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Sugarcane Fiber

Sugarcane Fiber 

Sugarcane Fiber is also known as Sugarcane Bagasse FiberBagasse is the dry pulpy fibrous residue that remains after sugarcane or sorghum stalks are crushed to extract their juice. It is used as a biofuel for the production of heat, energy, and electricity, and in the manufacture of pulp and building materials.

A typical chemical analysis,

  • Cellulose 45–55 percent
  • Hemicellulose 20–25 percent
  • Lignin 18–24 percent
  • Ash 1–4 percent
  • Waxes <1 percent

Sugarcane Fiber

The extraction of bagasse fibers from sugarcane rind is performed in two different steps: mechanical separation and chemical extraction. Several factors are considered such as solutions of sodium hydroxide with different concentrations and time of reaction. One of the reasons for increasing attention to bagasse is the disposal of agricultural residues and the need for boosting the sugarcane industry’s profits.

While the sugarcane fiber has been accepted by textile industries, there are still certain qualities, which are desirable for a fiber to be useful for textile purposes. Some of the basic requirements include the length of the fiber, which should be several hundred times the width, as this ensures that the fibers can be twisted together to form a yarn. The actual length of the fiber is also significant. The bagasse fiber can be noticeably long, but it should not be shorter than 6 to 12 mm. If the fiber is not of the desired length it might not hold together.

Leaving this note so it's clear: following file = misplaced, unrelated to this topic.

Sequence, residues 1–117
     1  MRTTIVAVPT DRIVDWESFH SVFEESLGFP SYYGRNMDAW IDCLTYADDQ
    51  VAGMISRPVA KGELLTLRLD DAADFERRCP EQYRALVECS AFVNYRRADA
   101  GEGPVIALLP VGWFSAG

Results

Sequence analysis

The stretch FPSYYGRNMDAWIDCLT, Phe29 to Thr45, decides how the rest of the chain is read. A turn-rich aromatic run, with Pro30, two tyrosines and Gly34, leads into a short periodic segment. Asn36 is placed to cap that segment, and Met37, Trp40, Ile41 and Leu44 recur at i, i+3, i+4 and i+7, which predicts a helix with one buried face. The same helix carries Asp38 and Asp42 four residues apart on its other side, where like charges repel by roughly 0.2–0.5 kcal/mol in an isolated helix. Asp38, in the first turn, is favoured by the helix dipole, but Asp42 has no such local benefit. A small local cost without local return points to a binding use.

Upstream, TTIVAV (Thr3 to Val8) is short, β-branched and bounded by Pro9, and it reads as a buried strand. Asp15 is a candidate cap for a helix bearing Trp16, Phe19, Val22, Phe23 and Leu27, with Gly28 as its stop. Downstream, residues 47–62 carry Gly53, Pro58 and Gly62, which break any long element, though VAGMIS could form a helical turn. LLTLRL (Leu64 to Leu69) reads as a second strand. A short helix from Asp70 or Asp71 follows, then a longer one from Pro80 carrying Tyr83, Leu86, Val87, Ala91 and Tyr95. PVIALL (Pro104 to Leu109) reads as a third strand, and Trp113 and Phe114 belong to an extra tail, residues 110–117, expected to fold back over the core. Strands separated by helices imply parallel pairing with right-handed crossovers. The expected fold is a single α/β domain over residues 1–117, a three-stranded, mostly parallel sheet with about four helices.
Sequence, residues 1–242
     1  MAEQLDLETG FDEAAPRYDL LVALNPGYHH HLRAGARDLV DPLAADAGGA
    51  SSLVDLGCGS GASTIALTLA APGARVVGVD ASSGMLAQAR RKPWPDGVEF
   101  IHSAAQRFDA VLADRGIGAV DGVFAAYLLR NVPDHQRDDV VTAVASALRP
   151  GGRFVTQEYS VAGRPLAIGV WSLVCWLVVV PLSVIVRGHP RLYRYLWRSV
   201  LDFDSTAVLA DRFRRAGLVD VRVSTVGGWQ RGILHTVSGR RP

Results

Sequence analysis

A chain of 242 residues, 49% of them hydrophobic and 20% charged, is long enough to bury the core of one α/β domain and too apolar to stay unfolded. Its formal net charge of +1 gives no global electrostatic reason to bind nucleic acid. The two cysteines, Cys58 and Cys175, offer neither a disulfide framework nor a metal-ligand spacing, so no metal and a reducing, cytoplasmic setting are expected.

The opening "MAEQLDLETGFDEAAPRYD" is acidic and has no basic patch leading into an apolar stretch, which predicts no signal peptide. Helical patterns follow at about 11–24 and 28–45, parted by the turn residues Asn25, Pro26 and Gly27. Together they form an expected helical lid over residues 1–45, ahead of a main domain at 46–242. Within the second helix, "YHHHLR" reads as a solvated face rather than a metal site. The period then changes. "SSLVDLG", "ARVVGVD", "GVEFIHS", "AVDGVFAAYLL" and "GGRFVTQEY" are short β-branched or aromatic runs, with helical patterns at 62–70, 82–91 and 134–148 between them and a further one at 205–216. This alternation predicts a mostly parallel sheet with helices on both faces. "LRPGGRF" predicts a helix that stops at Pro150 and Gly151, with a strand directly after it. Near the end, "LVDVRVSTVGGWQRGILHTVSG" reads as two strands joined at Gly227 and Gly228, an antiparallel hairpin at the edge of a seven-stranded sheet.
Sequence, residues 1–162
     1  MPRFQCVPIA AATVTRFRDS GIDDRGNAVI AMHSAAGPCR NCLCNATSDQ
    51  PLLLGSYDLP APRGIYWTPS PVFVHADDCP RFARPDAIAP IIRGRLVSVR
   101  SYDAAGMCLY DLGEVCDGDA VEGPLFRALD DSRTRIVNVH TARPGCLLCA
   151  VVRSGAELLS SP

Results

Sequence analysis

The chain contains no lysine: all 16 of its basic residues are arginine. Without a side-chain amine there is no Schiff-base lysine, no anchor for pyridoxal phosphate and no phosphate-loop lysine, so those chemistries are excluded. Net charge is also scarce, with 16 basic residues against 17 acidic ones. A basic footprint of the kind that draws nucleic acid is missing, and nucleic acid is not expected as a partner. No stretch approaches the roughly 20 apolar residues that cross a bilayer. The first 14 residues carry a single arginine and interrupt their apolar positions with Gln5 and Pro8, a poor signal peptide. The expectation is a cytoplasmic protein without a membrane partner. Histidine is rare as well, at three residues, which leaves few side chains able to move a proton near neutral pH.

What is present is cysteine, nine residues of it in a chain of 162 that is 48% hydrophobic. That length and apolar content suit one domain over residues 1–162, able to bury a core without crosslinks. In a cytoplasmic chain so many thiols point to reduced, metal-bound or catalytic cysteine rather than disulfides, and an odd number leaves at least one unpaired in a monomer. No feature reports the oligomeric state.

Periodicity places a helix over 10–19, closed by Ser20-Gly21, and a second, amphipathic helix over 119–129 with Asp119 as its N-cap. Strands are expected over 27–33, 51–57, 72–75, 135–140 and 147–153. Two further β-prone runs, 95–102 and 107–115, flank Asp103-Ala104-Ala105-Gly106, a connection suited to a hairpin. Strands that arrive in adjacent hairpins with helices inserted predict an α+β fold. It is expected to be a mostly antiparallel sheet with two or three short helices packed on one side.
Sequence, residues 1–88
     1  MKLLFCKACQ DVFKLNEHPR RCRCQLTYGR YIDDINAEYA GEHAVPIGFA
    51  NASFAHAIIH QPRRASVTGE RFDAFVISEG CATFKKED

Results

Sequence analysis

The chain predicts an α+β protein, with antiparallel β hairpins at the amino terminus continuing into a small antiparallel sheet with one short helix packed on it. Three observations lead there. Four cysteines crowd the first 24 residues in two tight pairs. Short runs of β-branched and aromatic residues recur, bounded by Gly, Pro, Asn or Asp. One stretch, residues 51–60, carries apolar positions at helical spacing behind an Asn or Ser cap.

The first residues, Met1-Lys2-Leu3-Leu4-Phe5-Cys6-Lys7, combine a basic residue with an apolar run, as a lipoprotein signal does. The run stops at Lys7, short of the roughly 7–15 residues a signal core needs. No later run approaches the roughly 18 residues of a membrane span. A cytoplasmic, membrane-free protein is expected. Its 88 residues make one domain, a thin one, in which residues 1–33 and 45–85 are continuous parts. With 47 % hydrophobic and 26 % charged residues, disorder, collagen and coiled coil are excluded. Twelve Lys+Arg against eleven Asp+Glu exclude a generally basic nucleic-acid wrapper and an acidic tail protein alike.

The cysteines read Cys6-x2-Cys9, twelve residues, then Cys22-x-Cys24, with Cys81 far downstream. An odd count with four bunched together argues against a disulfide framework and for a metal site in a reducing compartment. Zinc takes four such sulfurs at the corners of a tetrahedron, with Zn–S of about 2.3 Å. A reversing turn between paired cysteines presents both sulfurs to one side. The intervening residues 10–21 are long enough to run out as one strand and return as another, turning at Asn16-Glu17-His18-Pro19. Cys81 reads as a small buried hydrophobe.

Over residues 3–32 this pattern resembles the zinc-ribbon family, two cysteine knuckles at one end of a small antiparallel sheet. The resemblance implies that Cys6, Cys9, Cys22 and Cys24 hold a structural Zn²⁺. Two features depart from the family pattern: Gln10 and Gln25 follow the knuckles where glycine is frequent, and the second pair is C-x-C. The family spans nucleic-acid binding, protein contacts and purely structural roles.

The length of extracted fiber bundles depends on extraction conditions and the extraction process. The fineness of the fabric is determined by the width of the fiber bundles. The bagasse fibers must also be strong to withstand spinning and weaving processes. fiber strength is typically determined by tensile strength referred as ‘tenacity’. Tenacity is the breaking load in grams divided by the linear density. Linear density, the mass or weight of a unit length of the fiber, is given as grams per 1000m and called ‘tex’, or as grams per 9000m and called ‘denier’. The tenacity of the sugarcane fibers also varies as per the extraction conditions.

Conclusion

There are several benefits of garbing in fabric made out of sugarcane fiber. Sugarcane and its by-products contain essential amino acids and enzymes necessary to fuel and rejuvenate our bodies. There has been a global acceptance of sugarcane fiber. Even with the advantages aside, the fall and the look of the fiber have encouraged the apparel world to choose sugarcane fibers over other synthetic fibers.

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